Other Publications

The following is an edited transcript of the proceedings of the joint meeting of the Employment Discrimination Law and Alternative Dispute Resolution Sections at the AALS Annual Meeting, Washington, D.C., January 7, 1997.


The Law Of Arbitration, Theodore J. St. Antoine Jan 1997

The Law Of Arbitration, Theodore J. St. Antoine

Book Chapters

The law did not look kindly on arbitration in its infancy. As a process by which two or more parties could agree to have an impartial outsider resolve a dispute between them, arbitration was seen as a usurpation of the judiciary' sown functions, as an attempt to "oust the courts of jurisdiction." That was the English view, and American courts were similarly hostile. They would not order specific performance of an executory (unperformed) agreement to arbitrate, nor grant more than nominal damages for the usual breach. Only an arbitral award actually issued was enforceable at common law. All this began …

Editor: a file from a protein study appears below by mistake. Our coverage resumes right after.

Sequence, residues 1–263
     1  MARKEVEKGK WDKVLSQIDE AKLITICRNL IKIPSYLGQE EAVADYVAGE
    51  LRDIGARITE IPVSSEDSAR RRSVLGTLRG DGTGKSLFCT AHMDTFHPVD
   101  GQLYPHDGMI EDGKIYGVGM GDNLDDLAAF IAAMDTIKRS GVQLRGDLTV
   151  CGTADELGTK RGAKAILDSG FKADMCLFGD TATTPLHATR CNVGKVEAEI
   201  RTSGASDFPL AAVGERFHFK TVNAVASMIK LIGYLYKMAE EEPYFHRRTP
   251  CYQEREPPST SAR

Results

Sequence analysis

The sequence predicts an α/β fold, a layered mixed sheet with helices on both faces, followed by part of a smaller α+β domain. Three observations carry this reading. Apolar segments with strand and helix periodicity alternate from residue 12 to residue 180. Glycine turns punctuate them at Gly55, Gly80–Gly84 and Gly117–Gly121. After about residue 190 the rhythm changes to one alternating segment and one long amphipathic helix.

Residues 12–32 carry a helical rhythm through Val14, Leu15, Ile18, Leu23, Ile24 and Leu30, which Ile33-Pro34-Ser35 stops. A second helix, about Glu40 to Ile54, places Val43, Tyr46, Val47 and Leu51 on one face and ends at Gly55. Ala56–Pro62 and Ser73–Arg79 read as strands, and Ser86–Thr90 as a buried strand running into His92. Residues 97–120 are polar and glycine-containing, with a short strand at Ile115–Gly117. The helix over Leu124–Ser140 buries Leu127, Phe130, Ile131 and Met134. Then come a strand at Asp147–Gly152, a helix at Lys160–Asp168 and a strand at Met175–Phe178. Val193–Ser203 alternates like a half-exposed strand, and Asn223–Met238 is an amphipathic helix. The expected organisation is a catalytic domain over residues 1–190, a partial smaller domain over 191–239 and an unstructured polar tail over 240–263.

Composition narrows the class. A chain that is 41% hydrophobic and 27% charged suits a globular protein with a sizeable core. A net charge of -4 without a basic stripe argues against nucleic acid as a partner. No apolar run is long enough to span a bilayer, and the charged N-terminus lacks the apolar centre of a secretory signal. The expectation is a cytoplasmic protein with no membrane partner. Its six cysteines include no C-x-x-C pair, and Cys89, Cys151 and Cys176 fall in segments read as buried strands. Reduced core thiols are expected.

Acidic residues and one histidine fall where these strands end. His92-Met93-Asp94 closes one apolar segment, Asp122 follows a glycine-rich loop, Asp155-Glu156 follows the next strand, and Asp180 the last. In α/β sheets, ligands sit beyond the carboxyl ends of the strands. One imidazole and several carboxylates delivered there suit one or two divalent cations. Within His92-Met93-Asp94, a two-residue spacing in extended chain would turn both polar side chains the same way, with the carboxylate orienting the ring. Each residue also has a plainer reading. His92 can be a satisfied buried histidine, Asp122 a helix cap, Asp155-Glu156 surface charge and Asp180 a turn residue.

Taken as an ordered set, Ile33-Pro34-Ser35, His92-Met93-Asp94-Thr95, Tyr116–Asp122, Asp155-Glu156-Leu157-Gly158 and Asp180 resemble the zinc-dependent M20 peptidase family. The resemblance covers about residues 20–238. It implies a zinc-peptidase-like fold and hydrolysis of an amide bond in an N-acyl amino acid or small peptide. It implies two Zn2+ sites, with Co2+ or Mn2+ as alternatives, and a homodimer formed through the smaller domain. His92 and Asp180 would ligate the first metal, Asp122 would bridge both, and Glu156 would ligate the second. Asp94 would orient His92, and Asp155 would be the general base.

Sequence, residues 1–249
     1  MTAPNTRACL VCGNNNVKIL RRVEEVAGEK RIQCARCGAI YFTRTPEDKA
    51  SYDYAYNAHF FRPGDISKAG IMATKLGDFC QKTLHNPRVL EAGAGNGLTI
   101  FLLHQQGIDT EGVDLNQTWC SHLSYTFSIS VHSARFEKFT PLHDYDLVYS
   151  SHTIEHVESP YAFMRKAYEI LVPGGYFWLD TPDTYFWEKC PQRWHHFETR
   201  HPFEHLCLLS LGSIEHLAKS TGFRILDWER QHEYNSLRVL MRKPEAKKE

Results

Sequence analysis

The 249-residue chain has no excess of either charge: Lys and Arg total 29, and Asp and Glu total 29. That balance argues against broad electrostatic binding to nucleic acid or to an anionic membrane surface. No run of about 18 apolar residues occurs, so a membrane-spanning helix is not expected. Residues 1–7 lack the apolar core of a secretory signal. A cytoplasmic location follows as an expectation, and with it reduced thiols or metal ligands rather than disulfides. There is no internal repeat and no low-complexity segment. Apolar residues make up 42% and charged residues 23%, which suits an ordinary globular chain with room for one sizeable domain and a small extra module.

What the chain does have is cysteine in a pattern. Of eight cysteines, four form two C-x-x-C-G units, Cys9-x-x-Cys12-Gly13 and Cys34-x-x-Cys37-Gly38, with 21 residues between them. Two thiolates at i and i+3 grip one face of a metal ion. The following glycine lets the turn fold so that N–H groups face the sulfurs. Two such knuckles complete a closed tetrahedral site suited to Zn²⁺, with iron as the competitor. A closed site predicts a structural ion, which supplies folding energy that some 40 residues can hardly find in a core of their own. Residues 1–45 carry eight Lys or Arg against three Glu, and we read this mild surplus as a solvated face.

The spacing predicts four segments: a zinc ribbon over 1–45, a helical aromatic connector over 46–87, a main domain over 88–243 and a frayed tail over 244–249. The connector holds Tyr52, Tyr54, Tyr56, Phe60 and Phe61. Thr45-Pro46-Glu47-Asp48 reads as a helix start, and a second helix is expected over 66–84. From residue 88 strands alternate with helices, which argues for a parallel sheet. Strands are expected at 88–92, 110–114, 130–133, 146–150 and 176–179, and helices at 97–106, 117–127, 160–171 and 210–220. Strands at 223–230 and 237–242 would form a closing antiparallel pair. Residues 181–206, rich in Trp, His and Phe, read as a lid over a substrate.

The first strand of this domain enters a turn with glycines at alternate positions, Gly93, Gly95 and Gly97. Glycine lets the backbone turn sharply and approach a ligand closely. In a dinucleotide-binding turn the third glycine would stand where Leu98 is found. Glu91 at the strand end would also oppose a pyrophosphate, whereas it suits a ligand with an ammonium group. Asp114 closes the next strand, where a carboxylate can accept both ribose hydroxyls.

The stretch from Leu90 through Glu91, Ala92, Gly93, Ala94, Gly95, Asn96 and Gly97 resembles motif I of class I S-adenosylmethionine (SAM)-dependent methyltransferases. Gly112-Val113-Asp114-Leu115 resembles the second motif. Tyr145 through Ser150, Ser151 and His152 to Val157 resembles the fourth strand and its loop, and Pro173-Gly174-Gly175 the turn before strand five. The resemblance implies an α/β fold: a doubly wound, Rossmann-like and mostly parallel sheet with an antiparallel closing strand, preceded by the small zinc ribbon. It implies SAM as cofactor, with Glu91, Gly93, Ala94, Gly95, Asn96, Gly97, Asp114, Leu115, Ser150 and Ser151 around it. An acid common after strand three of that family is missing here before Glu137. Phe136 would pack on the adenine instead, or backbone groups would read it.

Trade Policy Harmonization: Too Much Of A Good Thing?, Alexander W. Sierck Jan 1997

Trade Policy Harmonization: Too Much Of A Good Thing?, Alexander W. Sierck

Michigan Journal of International Law

Review of Fair Trade and Harmonization: Prerequisites for Free Trade? by Jagdish N. Bhagwati & Robert E. Hudec


Why Mandatory Arbitration May Benefit Workers, Theodore J. St. Antoine Jan 1997

Why Mandatory Arbitration May Benefit Workers, Theodore J. St. Antoine

Articles

Would employees-including union employees-be better off with mandatory arbitration, even of statutory employment claims? The answer to this important question should depend less on abstract notions about the importance of statutory claims and the sanctity of the right to a jury trial, and more on a pragmatic assessment of what is likely to be best for the great majority of workers. Employing this type of analysis, which would take into account an overworked, underfunded Equal Employment Opportunity Commission, backlogged court dockets and other practical problems, my view is that most employees might well be better off with mandatory arbitration, provided …